monakons monakons - 9 months ago 19
Java Question

Define and execute partial functions of an interface

I am new to Java so i have some obvious (to some of you) questions about declaration, definition and execution of some functions.

Suppose you have declared two methods in an interface and you want to define the behavior of the first function in a (abstract?) class and the second function in another (abstract?) class.

Is there a way to define two methods in two separate classes? For example i could have a lot of methods in an interface but I want to implement just one of them because a specific object does not needs the others. How can I do that??

Java Code example :

interface DeclareFcnts {
void foo1();
void foo2();

abstract class Define_fcn1 implements DeclareFcnts {
public void foo1() {
// TODO Auto-generated method stub

abstract class Define_fcn2 implements DeclareFcnts {
public void foo2() {
// TODO Auto-generated method stub

class Myclass {
public static void main(String args[]) {
// How can i create an object that reference to the first function only?


If you implement an interface in a class, you must assume it will have all the interface methods declared. You must define what happens if any of these methods are invoked. Consider this:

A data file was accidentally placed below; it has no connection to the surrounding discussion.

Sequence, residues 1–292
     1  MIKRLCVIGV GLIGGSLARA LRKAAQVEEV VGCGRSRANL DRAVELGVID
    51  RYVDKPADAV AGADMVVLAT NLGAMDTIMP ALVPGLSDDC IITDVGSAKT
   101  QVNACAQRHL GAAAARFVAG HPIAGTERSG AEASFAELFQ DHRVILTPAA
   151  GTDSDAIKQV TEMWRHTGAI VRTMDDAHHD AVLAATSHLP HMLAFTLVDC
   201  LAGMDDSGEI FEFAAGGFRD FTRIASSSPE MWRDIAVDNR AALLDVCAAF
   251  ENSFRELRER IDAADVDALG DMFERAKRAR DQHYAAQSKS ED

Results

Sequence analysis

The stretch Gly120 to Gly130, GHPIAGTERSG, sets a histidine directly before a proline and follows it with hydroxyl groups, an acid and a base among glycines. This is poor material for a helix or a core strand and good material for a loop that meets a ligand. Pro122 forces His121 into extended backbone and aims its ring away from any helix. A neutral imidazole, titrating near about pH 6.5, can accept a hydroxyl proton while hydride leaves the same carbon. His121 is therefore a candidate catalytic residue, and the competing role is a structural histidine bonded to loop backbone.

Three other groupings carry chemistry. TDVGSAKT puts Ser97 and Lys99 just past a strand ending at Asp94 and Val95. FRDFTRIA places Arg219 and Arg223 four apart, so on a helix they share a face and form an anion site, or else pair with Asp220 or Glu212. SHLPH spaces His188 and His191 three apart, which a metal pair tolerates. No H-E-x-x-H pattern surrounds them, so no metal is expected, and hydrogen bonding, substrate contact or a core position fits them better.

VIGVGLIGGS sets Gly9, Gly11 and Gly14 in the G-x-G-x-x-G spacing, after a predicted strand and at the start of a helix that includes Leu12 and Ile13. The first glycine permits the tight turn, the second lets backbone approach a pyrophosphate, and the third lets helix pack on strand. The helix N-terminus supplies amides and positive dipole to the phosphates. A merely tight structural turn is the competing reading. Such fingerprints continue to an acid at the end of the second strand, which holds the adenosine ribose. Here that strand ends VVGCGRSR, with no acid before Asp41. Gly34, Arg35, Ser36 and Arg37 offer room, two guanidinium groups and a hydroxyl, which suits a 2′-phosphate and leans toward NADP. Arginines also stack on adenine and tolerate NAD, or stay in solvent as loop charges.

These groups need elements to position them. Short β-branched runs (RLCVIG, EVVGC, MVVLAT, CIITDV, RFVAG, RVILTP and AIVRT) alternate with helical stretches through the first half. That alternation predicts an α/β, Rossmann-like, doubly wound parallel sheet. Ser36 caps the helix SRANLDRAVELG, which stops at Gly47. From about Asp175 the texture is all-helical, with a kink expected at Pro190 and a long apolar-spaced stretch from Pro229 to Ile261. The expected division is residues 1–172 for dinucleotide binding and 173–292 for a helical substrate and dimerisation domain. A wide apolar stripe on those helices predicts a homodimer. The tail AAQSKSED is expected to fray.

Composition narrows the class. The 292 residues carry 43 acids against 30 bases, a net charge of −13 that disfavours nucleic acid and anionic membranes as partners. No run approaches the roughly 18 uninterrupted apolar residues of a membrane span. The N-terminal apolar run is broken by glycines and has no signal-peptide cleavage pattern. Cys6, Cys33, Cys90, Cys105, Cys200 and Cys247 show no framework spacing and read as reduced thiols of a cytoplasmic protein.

DeclareFcnts instance = new Define_fcn1();
instance.foo2(); // what happens here?

What is your expected behavior on the second line? It could throw an exception, do nothing, (or return a value if the method wasn't void).

One option is to define the behavior in the concrete implementing class (because you cannot instantiate abstract classes), which is what you would like to avoid. Fortunatelly, in Java 8, there is another way - using default methods:

interface DeclareFcnts {
    default void foo1() { /* default implementation, e.g. throw or do nothing */ }
    default void foo2() { /* default implementation, e.g. throw or do nothing */ }

class Define_fcn1 implements DeclareFcnts {
    public void foo1() { /* do something */ }

In this case, Define_fcn1 will inherit implementation of foo2 from DeclareFcnts much like if it inherited from a super class. You can notice that the class no longer needs to be abstract.

That said, you should try to avoid such situations. They will make unit testing, refactoring, etc., more difficult. You may possibly split your interface into multiple interfaces. If you need both methods somewhere, you can pass the interfaces separately, or, if absolutely necessary, define another interface like this:

interface Foo1Iface { void foo1(); }
interface Foo2Iface { void foo2(); }
interface BothIface extends Foo1Iface, Foo2Iface {  } 

I would avoid it if possible, though. You may get more suggestions if you add more details to your answer.